The Toyota RAV4 will hold on to about 43 per cent of its value after three years, which is about the same as many of its rivals. The Skoda Yeti manages 43 per cent, for example, and the Nissan Qashqai 45 per cent. Entry-level models are more likely to hold on to their value, with top-spec cars losing out the most.
Interior, design and technology
A recent update to the Toyota RAV4 meant the front of the car is significantly better looking than before, but overall the design is sadly rather plain - the Mazda CX-5 and Renault Kadjar prove that cars in this class can look good, and the RAV4 falls far behind them.
The facelift got rid of the previous car's 'nostrils' and moved the grille upwards, integrating new headlights and a larger badge. It's smart, and gives the car a more modern look at the front. The rear wasn't changed much at all, and now looks outdated next to the refreshed nose.
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The RAV4's mix of creases and curves lacks the cohesion of rivals like the Ford Kuga, particularly at the bluff rear end. One bonus is the top-hinged tailgate, with Toyota scrapping the old side-hinged setup that made the RAV4 hard to use in tight car parks. As a result, the latest-gen car is much better in this respect.
The interior quality has been improved recently as well, and while the RAV's cabin lacks charm it does feel well built. Standard kit includes a touchscreen display, DAB radio, a reversing camera, cruise control, 17-inch alloy wheels, air-conditioning and tinted windows. Higher trim levels get sat-nav, auto lights and wipers, a powered tailgate, leather seats and a full set of parking sensors.
Sat-nav, stereo and infotainment
Sat-nav comes as standard on Business Edition and Business Edition Plus models, and it's available as an optional extra on other specifications. Toyota calls it 'Go' or 'Go Plus depending on which version it is (Go Plus gets 3D effects, text-to-speech functions and voice controls), and it's served up pin a 7-inch touchscreen display in the dashboard.
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The sat-nav looks a bit dated, with chunky graphics and a low-resolution screen meaning rival systems are easier to use. There are few buttons, which clears up the dashboard, but the awkward touchscreen controls can get frustrating. The nav does give clear, cons ice directions, however.
Smartphone connectivity will be a boon for some drivers, and the display screen comes as standard. There's even a Google Street View function on certain models.
Practicality, comfort and boot space
The RAV4 has grown in size with each new generation. This time, the Toyota is 30mm wider and 205mm longer than its predecessor. It also has a 100mm longer wheelbase, at 2,760mm, giving impressive interior space, particularly in the rear which features a totally flat floor and excellent head and legroom for all three passengers.
The boot is now accessed by a top-hinged tailgate, rather than one that opens like a door. Boot space has increased by 51 litres, to 547 litres, thanks to the fact that there’s a 100-litre storage area under the boot floor. However, this means there's no spare tyre.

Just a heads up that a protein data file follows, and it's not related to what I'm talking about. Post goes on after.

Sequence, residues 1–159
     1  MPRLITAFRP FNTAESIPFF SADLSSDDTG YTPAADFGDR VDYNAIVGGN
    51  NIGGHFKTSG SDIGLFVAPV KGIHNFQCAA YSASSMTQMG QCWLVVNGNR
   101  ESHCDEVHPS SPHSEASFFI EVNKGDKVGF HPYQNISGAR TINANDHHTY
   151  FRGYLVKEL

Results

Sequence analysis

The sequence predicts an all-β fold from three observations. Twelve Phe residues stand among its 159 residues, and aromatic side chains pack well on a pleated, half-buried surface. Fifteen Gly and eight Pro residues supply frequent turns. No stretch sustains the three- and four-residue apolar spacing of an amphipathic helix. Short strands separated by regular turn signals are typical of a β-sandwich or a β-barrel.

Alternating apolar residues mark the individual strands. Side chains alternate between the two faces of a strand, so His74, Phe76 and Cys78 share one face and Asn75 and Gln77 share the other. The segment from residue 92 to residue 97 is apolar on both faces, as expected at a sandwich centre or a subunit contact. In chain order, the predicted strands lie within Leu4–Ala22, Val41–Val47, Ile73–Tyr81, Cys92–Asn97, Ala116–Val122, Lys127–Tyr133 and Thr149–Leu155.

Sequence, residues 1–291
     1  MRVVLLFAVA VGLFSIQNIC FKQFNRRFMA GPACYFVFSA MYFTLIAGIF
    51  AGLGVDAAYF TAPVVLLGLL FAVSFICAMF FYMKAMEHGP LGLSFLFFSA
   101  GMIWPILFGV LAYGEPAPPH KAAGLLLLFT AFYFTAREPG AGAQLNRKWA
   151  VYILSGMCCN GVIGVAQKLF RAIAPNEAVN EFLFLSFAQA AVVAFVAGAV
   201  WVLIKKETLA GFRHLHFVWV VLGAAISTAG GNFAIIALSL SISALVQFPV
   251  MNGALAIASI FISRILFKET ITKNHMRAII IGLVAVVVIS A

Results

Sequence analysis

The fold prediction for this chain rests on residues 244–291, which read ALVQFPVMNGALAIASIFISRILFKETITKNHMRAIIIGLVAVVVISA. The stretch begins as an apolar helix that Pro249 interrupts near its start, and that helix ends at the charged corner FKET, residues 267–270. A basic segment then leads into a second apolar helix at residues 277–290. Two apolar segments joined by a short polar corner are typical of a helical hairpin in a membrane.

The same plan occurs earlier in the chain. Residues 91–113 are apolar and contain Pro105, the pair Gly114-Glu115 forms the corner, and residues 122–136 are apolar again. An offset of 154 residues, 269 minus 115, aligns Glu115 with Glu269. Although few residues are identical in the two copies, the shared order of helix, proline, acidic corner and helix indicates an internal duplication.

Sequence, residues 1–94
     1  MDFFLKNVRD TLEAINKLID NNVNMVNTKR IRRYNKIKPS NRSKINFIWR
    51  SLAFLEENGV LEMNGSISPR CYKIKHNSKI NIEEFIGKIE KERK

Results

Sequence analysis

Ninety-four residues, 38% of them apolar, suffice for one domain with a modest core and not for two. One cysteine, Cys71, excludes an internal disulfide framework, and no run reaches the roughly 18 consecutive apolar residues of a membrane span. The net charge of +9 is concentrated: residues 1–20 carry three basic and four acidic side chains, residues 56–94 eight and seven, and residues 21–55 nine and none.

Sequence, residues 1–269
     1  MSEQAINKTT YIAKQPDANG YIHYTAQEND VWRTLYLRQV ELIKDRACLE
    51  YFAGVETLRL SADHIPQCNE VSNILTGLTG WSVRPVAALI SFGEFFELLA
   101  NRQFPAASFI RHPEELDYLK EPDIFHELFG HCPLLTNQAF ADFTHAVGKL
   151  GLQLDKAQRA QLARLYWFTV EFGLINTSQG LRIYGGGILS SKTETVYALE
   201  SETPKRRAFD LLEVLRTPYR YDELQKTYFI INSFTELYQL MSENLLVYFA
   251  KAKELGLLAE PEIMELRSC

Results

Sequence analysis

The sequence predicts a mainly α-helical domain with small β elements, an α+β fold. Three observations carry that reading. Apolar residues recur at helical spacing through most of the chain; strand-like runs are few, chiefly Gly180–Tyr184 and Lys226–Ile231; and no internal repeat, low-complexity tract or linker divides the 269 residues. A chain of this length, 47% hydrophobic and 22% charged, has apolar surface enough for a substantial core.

There are plenty of deep cupholders throughout the interior, too, while the sports seats fitted on Icon models and above are comfortable.
The RAV4 is around 4.6 metres long and 1.8 metres wide, which is on the large side for a crossover. It's bigger than the Nissan Qashqai, Skoda Yeti and even the Mazda CX-5, and the boxy shape means it makes good use of that size, with plenty of room inside.
Leg room, head room & passenger space
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Thanks to a flat floor there's enough room for three passengers in the back, and none will be wanting for legroom, even with a tall driver or front-seat passenger. There's lots of headroom for the out seats, but the middle seat does start to feel cramped as it's much higher up. Getting in and out is easy as the RAV4 doesn't ride that high, even on the larger 18-inch alloy wheels.
With a boot capacity of 547 litres with the seats up, there's lots of luggage space in the Toyota. That's reduced to 501 litres in the hybrid version, but that's still comparable to the Mazda CX-5, which has 503 litres. The Honda CR-V's 589-litre space beats both significantly though.
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Fold the rear seats down and you'll open up 1,735 litres of space, but the floor isn't completely flat. There's a useful storage net that goes across the boot, though, which means you can slot in longer items underneath and store things like backpacks and coats in the net for easy access. There's an under-floor storage area too.
The RAV4 can tow up to 1,650kg in AWD hybrid form, but the towing capacity varies greatly depending on which engine you go for - the petrol manages 1,500kg, but the FWD hybrid only 800kg.
Reliability and Safety
All models in the RAV4 range are available with a Safety Sense pack, which adds a pre-collision detection system (to warn the driver of a collision and automatically brake if needed), adaptive cruise control, lane departure alert, road sign assist, automatic high beams and trailer sway control.
Euro NCAP hasn't tested the very latest model but the RAV4 previously scored five stars in the crash tests - with stability control and seven airbags as standard.
Our 2015 Driver Power customer satisfaction survey ranked Toyota as a brand to be the third most reliable manufacturer, and the RAV4 came in 29th overall. It scored a seventh place finish for reliability and 15th place for build quality too, which is a strong indication that the car will be one of the most dependable on the road.
Toyota's reliability score in our survey is backed up by the manufacturer warranty of five years of 100,000 miles. It shows the confidence Toyota has in its cars and compares favourably to Nissan and Mazda's 3-year policies. The Kia Sportage has a seven-year warranty though.
Fixed-price servicing is available from £149 for the RAV4, which compares well with Nissan and Mazda. Servicing for the diesel model is every 10,000 miles, which is a bit more often than rival models.